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if you happen to be baseball players, and they got missed valued by making intuitive judgments about their value and i thought that was the story. the book comes out and gets reviewed by richard saylor. .. gets reviewed by richard thaler, distinguished legal scholar, they say in the new republic nice story, he missed the point of his own story. what he told is a case study, case study in the way the human mind leads us astray when it is operating from intuition and the ways in which the human mind described were mapped by these two psychologists in the late
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70s but i missed the story. >> you get one bad review or questionable review in the new republic, a new the i did never heard of these guys even though he won the nobel prize in economics. it wasn't that impressive. [laughter] but i mean it bothered me that i had missed his trek. and people say an explanation is where the mind comes direct and the book is your explanation. what you do as a story is where your mind came to rest. i think i've exhausted the material. i've mind out the material. there's nowhere else to go behind me to find something really great that i didn't find. it didn't even occur to me
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that's something that is wired in certain ways and people have figured out how we are wired that explains all the stories. expl it just bothered me for years. i thought about it. every now and then and i mentioned it to my psychologist friend that he said danny lives have come out from your house.s. you need to talk about this and get it off your chest. that's what i did and i went and knocked on the door and we developed a relationship. we would go for long walks in berkeley and he would talk about this now dead colleague. he was his lover. he was in his physical lover but in every other way. they were passionately involved with each other in tumultuously involved with each other. i taught for a term. it was called a class at cal to
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teach writing. i didn't do a very good job of it that one of my favorite students it turned out he was a missing puzzle the sun. very quick read access to both sides of this collaboration and the material, i kept saying i'm not going to write this. this is really interesting. i'm not jewish and the story takes place in israel, a lot of it at the back top is the birth of the israeli state in early israel. i had been mean to take psych 101 and interesting psychology up to that point. interesting it was all aliens so it took me forever to talk myself into the place right but i should be the one to do it. and that led me to this point eight years after i started walking the hills with danny condon is the people were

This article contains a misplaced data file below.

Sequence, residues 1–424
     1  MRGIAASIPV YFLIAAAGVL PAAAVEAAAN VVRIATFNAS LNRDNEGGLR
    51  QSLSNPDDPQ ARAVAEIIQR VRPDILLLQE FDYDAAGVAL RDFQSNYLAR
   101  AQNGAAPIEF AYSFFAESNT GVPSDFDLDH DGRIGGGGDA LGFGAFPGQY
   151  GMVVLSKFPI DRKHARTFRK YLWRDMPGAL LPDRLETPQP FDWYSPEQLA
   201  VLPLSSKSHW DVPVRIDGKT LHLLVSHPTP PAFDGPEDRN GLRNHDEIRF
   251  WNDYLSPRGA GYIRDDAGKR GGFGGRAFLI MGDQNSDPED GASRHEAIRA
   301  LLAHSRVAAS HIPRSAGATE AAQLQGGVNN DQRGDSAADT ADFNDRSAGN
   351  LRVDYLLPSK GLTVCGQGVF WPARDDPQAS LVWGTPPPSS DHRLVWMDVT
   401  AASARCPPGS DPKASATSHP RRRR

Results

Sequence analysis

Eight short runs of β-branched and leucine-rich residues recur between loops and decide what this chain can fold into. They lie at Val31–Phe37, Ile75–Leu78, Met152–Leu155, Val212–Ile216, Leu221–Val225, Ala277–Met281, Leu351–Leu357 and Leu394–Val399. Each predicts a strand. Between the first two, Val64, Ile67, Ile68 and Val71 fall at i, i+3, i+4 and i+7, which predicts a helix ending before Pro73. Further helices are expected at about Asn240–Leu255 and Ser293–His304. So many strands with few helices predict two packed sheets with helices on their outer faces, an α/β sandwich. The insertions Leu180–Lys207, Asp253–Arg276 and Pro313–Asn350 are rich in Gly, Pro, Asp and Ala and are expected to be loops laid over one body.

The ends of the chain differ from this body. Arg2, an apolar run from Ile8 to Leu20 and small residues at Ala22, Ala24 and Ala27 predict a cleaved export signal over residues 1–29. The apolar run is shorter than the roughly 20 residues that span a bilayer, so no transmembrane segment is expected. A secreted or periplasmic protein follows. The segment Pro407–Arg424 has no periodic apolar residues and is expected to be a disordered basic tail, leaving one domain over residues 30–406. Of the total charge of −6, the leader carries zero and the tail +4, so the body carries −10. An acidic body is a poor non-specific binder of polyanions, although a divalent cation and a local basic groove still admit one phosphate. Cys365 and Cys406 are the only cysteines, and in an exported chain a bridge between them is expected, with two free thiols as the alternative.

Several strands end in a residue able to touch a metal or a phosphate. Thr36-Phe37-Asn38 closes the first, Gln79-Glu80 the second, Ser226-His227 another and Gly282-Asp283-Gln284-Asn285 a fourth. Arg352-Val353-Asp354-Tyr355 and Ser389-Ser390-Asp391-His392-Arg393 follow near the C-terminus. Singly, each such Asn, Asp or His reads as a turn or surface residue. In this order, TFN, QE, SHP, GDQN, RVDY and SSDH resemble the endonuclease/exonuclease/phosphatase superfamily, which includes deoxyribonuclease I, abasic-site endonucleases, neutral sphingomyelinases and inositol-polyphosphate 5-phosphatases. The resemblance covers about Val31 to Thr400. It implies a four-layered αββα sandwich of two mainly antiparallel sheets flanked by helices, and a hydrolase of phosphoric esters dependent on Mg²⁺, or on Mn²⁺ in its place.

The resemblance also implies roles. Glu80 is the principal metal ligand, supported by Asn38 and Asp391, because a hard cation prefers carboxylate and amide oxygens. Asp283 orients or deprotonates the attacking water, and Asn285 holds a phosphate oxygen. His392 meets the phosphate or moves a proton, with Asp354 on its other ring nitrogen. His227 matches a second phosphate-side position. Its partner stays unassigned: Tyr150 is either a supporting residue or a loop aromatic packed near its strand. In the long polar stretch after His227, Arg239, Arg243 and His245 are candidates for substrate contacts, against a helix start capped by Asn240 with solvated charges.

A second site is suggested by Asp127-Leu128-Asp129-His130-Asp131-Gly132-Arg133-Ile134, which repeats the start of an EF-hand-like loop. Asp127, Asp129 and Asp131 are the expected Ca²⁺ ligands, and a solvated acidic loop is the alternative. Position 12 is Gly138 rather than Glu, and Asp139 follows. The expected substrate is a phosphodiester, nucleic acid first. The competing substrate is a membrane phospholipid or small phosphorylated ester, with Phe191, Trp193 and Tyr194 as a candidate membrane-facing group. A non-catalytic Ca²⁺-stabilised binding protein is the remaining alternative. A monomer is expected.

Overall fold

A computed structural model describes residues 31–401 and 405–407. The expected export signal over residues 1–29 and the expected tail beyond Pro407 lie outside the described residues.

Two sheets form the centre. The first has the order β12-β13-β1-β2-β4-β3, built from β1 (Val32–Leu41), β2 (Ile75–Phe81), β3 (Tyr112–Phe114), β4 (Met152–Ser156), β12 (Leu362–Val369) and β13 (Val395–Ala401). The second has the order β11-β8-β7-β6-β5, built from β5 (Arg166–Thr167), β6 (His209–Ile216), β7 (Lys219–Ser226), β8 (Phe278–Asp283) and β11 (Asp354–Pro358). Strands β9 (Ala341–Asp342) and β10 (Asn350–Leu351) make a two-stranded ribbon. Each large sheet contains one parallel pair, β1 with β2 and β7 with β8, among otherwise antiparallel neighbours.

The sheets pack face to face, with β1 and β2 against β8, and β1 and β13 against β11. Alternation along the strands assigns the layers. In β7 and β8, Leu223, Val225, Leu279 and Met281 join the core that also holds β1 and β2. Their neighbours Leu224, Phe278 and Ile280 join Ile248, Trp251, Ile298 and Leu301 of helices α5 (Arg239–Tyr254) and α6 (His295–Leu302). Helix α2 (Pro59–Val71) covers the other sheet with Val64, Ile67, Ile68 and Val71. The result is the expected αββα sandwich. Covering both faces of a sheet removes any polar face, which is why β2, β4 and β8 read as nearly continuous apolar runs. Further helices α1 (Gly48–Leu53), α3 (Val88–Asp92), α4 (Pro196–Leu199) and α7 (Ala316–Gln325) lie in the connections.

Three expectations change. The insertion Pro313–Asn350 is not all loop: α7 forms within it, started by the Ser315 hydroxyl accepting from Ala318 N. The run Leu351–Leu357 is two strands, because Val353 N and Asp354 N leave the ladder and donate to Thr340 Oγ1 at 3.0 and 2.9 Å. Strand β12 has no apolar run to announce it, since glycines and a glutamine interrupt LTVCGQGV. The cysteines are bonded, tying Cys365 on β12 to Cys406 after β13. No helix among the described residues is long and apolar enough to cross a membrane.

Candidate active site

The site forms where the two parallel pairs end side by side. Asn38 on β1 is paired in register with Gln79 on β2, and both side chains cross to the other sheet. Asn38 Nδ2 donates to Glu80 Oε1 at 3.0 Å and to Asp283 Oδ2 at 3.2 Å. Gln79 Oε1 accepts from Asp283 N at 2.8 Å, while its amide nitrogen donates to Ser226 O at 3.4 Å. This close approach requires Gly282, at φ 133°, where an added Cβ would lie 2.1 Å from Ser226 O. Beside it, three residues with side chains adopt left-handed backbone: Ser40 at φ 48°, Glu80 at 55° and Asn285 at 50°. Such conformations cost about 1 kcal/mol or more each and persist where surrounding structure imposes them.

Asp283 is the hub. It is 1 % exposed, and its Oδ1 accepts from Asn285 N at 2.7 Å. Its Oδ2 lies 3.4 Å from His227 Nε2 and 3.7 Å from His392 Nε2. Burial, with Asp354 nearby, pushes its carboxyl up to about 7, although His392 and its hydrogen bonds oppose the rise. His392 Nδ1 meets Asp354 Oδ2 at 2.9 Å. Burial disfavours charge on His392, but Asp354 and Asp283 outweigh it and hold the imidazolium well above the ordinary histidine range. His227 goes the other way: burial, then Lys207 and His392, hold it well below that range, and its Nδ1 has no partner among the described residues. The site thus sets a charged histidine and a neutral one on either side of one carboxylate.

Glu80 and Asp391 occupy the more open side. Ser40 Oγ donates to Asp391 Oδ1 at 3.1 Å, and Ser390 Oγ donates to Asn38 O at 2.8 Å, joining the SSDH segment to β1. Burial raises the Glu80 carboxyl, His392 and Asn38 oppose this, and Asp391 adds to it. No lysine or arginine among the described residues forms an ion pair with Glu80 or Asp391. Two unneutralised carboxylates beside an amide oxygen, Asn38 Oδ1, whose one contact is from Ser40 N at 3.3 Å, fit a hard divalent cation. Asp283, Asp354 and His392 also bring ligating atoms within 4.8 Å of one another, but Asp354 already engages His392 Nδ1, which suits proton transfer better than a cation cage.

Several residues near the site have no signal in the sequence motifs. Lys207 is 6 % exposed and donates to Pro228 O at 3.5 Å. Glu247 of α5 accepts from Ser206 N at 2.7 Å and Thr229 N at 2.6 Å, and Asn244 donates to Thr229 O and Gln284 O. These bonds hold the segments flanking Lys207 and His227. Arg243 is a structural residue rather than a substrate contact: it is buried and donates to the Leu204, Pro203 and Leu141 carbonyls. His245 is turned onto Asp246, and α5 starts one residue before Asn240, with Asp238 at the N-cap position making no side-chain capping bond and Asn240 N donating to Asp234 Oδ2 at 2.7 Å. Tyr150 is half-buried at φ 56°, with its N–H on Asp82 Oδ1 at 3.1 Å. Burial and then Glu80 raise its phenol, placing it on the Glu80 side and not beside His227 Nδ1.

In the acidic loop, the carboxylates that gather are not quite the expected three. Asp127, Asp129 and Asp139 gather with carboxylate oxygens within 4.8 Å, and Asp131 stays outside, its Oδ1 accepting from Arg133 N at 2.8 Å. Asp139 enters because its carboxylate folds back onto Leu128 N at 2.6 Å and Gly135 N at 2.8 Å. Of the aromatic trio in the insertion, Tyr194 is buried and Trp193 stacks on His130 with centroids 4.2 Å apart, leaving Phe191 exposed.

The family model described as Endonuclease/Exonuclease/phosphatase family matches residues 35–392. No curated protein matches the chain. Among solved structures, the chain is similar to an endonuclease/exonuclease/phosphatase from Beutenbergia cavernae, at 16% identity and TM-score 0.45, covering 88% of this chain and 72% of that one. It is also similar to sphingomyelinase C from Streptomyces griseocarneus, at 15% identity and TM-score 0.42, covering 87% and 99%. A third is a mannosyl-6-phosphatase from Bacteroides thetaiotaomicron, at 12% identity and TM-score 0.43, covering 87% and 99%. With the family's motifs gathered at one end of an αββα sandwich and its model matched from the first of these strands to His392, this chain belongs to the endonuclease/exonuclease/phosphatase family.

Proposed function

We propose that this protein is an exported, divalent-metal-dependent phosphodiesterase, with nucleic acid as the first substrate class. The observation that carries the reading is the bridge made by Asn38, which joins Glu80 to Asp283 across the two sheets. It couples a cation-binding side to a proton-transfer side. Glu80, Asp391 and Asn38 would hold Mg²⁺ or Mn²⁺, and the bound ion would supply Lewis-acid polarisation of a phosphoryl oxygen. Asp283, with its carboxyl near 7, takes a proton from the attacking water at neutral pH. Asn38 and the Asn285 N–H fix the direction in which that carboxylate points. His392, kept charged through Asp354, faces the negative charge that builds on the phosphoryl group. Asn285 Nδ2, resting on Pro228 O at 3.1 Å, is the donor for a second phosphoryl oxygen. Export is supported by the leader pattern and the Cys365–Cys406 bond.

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starting to die and it was clear if i didn't do it would be gone. i think it's an incredibly important story. their k their work is incredibly important. it's a very emotional story between the two men. it's an unusual story. so at that point i turned to danny and i said it's going to seem odd to you but i want to write a book about this. he hemmed and hogg ended like a the idea of it. i said your work is too important. someone has to write a book about it and it's probably int your view going to be a bad book and if anybody has a right to write a bad book about you should be me because i spent all these years with you. he himself wrote a book or did you ghostwrite that book? at the end of the book you mentioned the early chapters about book --.
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>> when i met him one of the first things out of his mouth was to come at a good time. they asked me to write this book and it's going to ruin my reputation so it's going in the garbage can where it belongs an i said could i see a chapter to? he gave me a chapter and i watched him and the quality that is peculiar to the degree that i've never seen in any otherth human being is doubt, doubt about everything around him including his own thoughts. he's constantly chewing up what he created before it ever gets out the door. he got to a point after throwing it away and pulling it out of the garbage can and pulling it out at the garbage can three or